Arunaji you are a maverick in the world of Carnatic music, with your unconventional repertoire, inclusion of North Indian musical ideas, your novel collaborations. Please elaborate.
In the 1980s I started singing “abhangs” which the public loved, though in those days I had no real audience to speak of! I felt I liked the genre and so I sang it. The meaty portion of my concert would be traditional, in the end I would experiment. Slowly my audience grew, and my experiments today are the norm! I am told by organisers that nowadays young singers write when they are asking for concerts; we also sing abhangs! When Tyagaraja composed, he was not accepted, he had critics. So any change takes time; you have to have faith in yourself and your music.


Growing up my idols were M.S. Subbulakshmi, M.L.V., Amir Khan sahib, Bhimsenji and Girijaji. Of course my God was and is my guru Brinda amma. I loved Narayanswamyji, Lalgudiji, Ravi Shankarji, Ali Akbar Khan sahib. So the influences are visible in my music. Even today, I listen to a lot of music to unwind and also for inspiration.

Whenever I perform outside of my Carnatic audiences, over the years I have learnt that if you communicate with conviction, you can reach out to any audience. Concert presentation is very important — what to sing, how to present contrasts, how to present it. I have to be faithful to what exactly makes me the person I am — my training, my environment, my background. I decided to present heavy classical pieces, interspersed with lighter more enjoyable pieces, some familiar stuff — my failures taught me how to perfect. Concert presentation was not taught to me by my Guru; it’s something that I had to acquire myself over the years.


On collaborations — it’s easier for me to sing with male voices due to the pitch. I have collaborated with so many musicians — U. Shriniwas, Shankar Mahadevan, Zakir bhai and jazz musicians, Dominque Vellard.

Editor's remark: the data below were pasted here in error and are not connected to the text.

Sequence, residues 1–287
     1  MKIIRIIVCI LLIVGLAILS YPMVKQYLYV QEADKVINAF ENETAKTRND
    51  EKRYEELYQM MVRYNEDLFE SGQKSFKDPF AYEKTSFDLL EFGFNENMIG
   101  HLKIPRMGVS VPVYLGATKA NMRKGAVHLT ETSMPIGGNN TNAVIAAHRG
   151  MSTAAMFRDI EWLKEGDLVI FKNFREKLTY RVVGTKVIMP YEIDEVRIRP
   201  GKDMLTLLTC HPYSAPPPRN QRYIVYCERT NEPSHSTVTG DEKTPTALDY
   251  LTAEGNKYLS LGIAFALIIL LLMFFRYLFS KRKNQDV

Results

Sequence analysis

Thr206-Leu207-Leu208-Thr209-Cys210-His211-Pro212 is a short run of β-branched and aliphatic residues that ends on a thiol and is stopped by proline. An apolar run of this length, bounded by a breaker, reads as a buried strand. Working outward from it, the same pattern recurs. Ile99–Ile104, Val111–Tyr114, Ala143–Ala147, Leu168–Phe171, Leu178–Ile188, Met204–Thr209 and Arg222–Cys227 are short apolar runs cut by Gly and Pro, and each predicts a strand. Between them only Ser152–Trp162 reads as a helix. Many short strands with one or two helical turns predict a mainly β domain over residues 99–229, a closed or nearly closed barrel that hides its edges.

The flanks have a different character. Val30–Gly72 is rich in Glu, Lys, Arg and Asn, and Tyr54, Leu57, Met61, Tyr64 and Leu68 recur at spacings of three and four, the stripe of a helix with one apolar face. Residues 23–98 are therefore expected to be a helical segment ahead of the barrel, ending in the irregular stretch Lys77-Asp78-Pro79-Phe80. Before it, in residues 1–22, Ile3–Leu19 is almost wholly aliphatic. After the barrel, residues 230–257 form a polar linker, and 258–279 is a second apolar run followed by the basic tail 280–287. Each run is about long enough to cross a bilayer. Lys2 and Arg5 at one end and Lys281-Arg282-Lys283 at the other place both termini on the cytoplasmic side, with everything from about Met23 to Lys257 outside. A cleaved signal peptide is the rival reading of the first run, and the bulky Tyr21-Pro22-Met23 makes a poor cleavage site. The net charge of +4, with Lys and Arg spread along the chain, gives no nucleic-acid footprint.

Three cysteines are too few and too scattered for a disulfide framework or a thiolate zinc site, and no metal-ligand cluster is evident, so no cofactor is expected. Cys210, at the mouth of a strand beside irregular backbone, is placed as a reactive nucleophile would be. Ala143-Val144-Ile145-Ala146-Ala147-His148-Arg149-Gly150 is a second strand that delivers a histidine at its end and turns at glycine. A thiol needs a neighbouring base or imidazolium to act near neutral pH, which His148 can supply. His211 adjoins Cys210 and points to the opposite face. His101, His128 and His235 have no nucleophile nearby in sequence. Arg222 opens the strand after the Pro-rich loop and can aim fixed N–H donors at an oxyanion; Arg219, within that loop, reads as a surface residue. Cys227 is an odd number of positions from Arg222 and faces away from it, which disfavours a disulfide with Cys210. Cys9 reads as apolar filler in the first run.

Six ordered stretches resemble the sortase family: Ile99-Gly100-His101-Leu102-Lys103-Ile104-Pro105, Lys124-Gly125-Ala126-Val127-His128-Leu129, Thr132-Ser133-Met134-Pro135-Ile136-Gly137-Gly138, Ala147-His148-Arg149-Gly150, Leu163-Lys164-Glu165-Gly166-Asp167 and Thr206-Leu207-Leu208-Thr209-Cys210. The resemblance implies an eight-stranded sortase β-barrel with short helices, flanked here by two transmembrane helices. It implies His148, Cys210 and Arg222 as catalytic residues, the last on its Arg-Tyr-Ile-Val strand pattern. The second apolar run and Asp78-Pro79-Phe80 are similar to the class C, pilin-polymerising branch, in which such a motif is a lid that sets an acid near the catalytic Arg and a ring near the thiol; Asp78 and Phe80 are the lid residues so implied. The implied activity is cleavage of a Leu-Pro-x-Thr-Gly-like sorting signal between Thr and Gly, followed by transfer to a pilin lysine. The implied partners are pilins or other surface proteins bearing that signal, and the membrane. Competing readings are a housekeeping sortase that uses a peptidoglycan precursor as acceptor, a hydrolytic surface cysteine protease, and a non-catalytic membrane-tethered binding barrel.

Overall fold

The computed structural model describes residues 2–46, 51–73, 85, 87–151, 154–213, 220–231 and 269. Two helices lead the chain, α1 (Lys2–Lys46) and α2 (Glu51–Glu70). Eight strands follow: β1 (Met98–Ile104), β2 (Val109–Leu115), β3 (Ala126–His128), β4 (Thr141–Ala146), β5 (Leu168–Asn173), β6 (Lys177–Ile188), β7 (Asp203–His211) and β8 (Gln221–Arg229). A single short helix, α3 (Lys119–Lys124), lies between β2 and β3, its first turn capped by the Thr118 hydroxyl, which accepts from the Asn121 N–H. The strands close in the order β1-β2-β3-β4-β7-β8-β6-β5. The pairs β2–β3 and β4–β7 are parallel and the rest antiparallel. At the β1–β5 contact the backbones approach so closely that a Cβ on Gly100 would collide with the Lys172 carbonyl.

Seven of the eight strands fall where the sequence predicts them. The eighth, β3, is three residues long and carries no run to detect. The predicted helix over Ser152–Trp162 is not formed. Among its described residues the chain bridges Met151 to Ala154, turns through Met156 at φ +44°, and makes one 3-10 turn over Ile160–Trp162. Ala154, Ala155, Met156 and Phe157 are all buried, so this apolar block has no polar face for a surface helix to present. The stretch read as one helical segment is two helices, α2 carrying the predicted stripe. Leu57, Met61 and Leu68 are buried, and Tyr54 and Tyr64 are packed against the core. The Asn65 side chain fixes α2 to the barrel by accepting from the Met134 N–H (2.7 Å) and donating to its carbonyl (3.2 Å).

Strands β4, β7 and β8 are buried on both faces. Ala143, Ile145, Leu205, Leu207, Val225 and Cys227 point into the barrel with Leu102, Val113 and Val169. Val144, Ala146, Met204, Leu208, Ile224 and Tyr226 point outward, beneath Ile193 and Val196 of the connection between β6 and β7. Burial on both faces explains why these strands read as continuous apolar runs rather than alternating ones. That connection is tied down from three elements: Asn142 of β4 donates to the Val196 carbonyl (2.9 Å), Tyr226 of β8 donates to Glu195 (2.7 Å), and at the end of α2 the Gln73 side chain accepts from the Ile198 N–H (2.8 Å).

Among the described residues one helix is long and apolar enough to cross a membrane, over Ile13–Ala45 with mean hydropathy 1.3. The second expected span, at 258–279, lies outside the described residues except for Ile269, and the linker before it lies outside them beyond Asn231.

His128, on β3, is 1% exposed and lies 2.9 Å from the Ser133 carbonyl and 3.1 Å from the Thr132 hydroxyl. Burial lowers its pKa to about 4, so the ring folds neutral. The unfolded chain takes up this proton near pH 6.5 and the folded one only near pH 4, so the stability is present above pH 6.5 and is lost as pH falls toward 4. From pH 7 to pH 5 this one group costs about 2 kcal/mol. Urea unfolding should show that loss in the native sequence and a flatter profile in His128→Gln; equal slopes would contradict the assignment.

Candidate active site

Your familiarity with North Indian music happened because you lived in Bombay?
All the southern states used to have one resident North Indian musician; so in a way familiarity with the genre has happened over the years. I heard that the Maharaja of Mysore had even invited Gauhar Jaan to stay in his court in her final years, after her singing years were over, before she died. I would say there is a lot of exposure of most Carnatic practitioners to North Indian music and musicians. The reverse did not happen; Muthuswamy Dikshitar travelled by foot to Benaras and adopted many ragas like Jaijwaiwanti into the Carnatic pantheon. The reverse didn’t happen until now in the 1950s when ragas like Kirwani Charukeshi have become so popular.


Vidwan A.S. Mani, disciple of Tiger Varadacharyar, used to live in Bombay He knew all of Rasoolan Bai’s pieces and used to guide me as to what to hear, what to look out for. I personally sing songs in Gujarati, Hindi, Marathi, even Punjabi.

The link between the two systems of music is undeniable; what about the differences?
Definitely the music of North and South are similar, despite differences — for example, our tillana is the same as the tarana; I would say it’s something that was inherent to us in India and not imported from Persia as some say.

In the Carnatic system, certain ragas are not conducive to expansion, as the “gamakas” don’t sound so natural, so those are not usually treated as serious pieces for long renderings. Others which have been imported from the North Indian tradition too, like Bihag too are usually not given a prolonged treatment. Our Bhairavi and Thodi which are different to the North Indian ragas of the same name, to name two, are the main ragas. This is a big subject!


To conclude, after getting the ultimate award (Sangita Kalanidhi) what next?
I definitely want to teach more, as I have not concentrated on that. I am very adventurous and I definitely want to explore more, try new different things like I have done in the past.

The writer writes on music, musicians and matters of music

Tags: vidushi aruna sairam, sangita kalanidhi award